Following talks among the 15 council members, provisions were added to the original draft, putting more stress on human rights, the need to involve women in decision-making and to protect African migrants who have been attacked.

‘There is a lot of agreement now on the draft. Everyone agrees that the Security Council has to do something quickly for the people of Libya,’ a western diplomat said, speaking on condition of anonymity.

The final resolution, obtained by AFP, welcomes the ‘improved situation’ in Libya and highlights the council’s determination to make sure that tens of billions of dollars of assets frozen by the Security Council in February and March ‘shall as soon as possible be made available to and for the benefit of the people of Libya.’

The resolution would lift asset freezes and other measures against Libyan National Oil Corporation and Zueitina Oil Company, and ease sanctions against the central bank, Libyan Arab Foreign Bank, Libyan Investment Authority and Libyan African Africa Investment Portfolio.

Full report at:

http://www.khaleejtimes.com/DisplayArticle09.asp?xfile=data/international/2011/September/international_September644.xml&section=international

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Libyans divided: Some want reconciliation, some Qaddafi’s head

16 September 2011

TRIPOLI: A cheering crowd welcomed Mustafa Abdel Jaleel, chief of the Libya’s ruling National Transitional Council (NTC), when he made his first public appearance at Martyrs Square here in the capital and called for reconciliation rather than revenge against the ousted regime of Muamar Qaddafi.

The half-hour address, in which Jaleel never mentioned Qaddafi’s name, was punctuated by celebratory gunfire. But elsewhere in Tripoli the gunfire is just as often a cry of anger and revenge against the man who ruled Libya with an iron fist for more than four decades.

Not far away from Martyrs Square, Abdul loaded his anti-aircraft gun and shot out two rounds after learning — as it turns out, incorrectly — that one of Qaddafi’s sons was captured. No matter what those in control of the country say, Abdul Rahman declared, Qaddafi must be hanged.

Full report at:

http://arabnews.com/middleeast/article502234.ece

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Protests in Yemen, New Signs President May Quit

16 Sep, 2011

SANAA Yemen (AP) — Thousands of protesters took to the streets of Yemen Friday demanding the resignation of the president, a day after the U.S. State Department said it hoped a power transfer deal could be signed within a week.

President Ali Abdullah Saleh has been hanging on to his post despite local, regional and international pressure to leave office. Al-Qaida linked militants have been taking advantage of the turmoil to overrun parts of southern Yemen.

Saleh has come close to signing the Gulf Cooperation Council's power transfer proposal several times, only to back out at the last minute. It offers him and his family immunity from prosecution over the deaths of protesters in exchange for leaving office.

Saleh has been in Saudi Arabia since early June, when he was seriously wounded in an attack on his compound in Sanaa. On Friday a Saudi official said he will not return to Yemen.

While that could be an indication that he will agree to leave office, the official, who spoke on condition of anonymity because he was not authorized to release the information, said that in his conversations with Saleh, the president expressed discontent with the Gulf Cooperation Council's proposed deal. Saleh, according to the official, felt that Saudi Arabia cheated him by backing the accord following pressure from the United States.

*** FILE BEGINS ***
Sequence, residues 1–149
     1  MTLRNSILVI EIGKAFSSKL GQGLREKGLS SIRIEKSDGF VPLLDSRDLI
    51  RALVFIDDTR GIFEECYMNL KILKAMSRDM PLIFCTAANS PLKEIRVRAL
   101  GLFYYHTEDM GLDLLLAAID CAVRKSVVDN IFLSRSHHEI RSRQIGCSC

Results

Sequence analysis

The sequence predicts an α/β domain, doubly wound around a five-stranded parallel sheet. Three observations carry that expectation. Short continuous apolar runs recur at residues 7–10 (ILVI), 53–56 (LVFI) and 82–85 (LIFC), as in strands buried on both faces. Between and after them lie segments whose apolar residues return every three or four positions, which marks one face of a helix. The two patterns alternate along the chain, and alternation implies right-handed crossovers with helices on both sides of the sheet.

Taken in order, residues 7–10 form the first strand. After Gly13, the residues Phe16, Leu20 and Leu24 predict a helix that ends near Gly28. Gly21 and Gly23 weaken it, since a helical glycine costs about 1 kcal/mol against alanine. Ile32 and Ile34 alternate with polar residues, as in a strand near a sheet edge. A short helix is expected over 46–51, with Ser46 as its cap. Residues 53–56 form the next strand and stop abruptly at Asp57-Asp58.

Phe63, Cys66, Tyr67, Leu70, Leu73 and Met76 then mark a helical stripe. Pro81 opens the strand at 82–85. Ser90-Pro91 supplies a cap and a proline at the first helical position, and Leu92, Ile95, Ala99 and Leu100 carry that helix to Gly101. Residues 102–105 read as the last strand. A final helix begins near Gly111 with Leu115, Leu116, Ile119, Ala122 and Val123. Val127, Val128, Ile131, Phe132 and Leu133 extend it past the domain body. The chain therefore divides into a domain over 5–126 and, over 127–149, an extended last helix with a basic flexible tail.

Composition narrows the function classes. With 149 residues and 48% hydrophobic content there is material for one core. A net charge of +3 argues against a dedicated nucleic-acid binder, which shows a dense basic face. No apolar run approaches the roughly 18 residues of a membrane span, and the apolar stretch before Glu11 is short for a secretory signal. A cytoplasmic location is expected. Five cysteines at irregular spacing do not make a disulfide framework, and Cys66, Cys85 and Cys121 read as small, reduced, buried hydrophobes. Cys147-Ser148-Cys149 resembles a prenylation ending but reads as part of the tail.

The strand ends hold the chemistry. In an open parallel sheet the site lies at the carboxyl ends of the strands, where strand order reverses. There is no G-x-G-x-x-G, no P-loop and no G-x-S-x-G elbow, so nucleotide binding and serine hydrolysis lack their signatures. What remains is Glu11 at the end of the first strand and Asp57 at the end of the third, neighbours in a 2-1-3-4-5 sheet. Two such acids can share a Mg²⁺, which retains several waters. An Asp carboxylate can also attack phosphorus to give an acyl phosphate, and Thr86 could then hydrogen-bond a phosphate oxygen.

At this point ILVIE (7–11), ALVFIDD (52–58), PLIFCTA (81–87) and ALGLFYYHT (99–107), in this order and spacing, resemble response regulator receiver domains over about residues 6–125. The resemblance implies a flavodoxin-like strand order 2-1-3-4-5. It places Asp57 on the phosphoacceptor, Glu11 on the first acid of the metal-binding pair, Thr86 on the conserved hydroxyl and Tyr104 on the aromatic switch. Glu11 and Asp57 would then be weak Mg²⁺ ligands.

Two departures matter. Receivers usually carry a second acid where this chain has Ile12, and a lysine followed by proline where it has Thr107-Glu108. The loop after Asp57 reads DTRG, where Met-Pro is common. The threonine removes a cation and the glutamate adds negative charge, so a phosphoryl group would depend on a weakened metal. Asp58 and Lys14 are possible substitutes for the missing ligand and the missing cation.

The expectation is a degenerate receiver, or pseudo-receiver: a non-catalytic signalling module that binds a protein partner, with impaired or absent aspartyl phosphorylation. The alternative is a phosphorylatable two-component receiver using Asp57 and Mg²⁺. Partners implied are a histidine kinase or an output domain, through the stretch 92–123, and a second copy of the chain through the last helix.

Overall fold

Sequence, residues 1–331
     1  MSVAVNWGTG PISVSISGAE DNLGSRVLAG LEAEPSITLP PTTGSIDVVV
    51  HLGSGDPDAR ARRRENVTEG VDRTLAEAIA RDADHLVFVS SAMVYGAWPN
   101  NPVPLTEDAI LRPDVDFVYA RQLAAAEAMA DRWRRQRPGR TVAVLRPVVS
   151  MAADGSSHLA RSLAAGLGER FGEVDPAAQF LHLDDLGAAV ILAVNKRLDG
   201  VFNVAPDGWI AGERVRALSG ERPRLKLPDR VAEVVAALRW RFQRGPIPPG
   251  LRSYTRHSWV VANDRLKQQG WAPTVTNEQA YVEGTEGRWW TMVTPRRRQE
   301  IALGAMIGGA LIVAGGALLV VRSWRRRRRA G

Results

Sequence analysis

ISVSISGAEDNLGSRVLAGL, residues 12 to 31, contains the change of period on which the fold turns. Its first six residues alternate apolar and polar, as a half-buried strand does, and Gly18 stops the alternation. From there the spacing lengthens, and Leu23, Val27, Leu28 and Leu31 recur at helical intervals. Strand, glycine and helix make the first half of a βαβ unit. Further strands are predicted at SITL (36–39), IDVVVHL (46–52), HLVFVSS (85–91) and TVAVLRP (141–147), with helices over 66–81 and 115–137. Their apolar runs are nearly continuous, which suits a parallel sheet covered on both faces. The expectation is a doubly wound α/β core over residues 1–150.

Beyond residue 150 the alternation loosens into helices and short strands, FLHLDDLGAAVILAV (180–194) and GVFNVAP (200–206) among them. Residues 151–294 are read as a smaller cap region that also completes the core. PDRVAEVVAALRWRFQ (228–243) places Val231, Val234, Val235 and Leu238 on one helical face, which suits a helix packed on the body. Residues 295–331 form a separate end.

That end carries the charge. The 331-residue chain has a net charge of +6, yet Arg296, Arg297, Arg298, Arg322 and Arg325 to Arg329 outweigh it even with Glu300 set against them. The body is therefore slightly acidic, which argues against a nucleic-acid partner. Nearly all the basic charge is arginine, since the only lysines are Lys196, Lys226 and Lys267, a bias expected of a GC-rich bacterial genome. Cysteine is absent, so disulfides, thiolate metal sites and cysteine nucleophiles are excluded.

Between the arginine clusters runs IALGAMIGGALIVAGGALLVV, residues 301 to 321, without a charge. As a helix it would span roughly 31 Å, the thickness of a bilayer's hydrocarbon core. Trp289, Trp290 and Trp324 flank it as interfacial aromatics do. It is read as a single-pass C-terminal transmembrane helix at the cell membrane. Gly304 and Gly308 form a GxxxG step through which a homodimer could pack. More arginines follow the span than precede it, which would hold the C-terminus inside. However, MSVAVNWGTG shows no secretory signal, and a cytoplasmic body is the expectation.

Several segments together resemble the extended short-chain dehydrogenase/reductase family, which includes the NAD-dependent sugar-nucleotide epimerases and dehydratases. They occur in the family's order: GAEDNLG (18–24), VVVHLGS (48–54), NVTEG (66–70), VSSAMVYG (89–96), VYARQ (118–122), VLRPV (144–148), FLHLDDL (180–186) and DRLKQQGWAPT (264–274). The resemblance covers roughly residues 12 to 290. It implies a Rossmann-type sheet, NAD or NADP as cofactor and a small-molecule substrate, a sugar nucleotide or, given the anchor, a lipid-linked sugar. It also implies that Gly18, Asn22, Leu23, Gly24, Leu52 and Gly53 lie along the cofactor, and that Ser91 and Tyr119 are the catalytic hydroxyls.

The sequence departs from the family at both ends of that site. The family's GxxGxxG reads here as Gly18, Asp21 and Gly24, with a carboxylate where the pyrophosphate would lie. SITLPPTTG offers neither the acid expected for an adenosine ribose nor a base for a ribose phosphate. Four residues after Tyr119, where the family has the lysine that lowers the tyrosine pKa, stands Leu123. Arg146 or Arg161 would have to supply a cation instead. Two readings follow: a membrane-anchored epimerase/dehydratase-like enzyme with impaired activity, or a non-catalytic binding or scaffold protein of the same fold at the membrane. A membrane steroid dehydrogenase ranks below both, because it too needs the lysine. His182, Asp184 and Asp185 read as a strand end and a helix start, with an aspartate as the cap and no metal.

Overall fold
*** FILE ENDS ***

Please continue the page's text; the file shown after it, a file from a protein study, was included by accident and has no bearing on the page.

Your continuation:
The official said he met Saleh at the palace where he is residing in Riyadh and that the president was with a number of his children. He said the luxurious palace offered to Saleh by Saudi leaders is meant to show the extent to which they want him to remain in the kingdom.

Full report at:

http://www.nytimes.com/aponline/2011/09/15/world/middleeast/AP-ML-

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Palestinians cannot achieve statehood through UN: US

Sep 16, 2011

WASHINGTON: Infuriated over Palestinian leaders' drive for statehood, the US on Friday warned them that they cannot achieve it by passing of a resolution at the United Nations and insisted that the best way to get it is through negotiations with Israel.

"The Palestinians will not, and cannot, achieve statehood through a declaration at the United Nations. It is a distraction, and it's counterproductive," White House press secretary Jay Carney told reporters.

"That remains our position. We continue to be focused with great intensity on the need to get Israelis and Palestinians together again in direct negotiations, because that is the path towards a two-state solution and Palestinian statehood," he said.

President Barack Obama, he said, believes that the only way to resolve the issues between the Palestinians and the Israelis and to ultimately create a Palestinian state is through direct negotiations.

US has threatened to veto any Palestinian application for full membership of the UN or go to the General Assembly for enhanced observer membership this month.

In San Francisco, secretary of state Hillary Clinton warned Palestinians that their effort is shortsighted and cannot succeed, saying the road to peace and two states living side by side does not go through New York.

"It goes through Jerusalem and Ramallah," she said. "It is our absolute conviction that we need to get the parties back into negotiations on a direct face-to-face basis and that they have to be at that negotiating table working through the framework that President Obama laid out in May. That remains our focus. We are absolutely committed to pursuing that," Clinton said.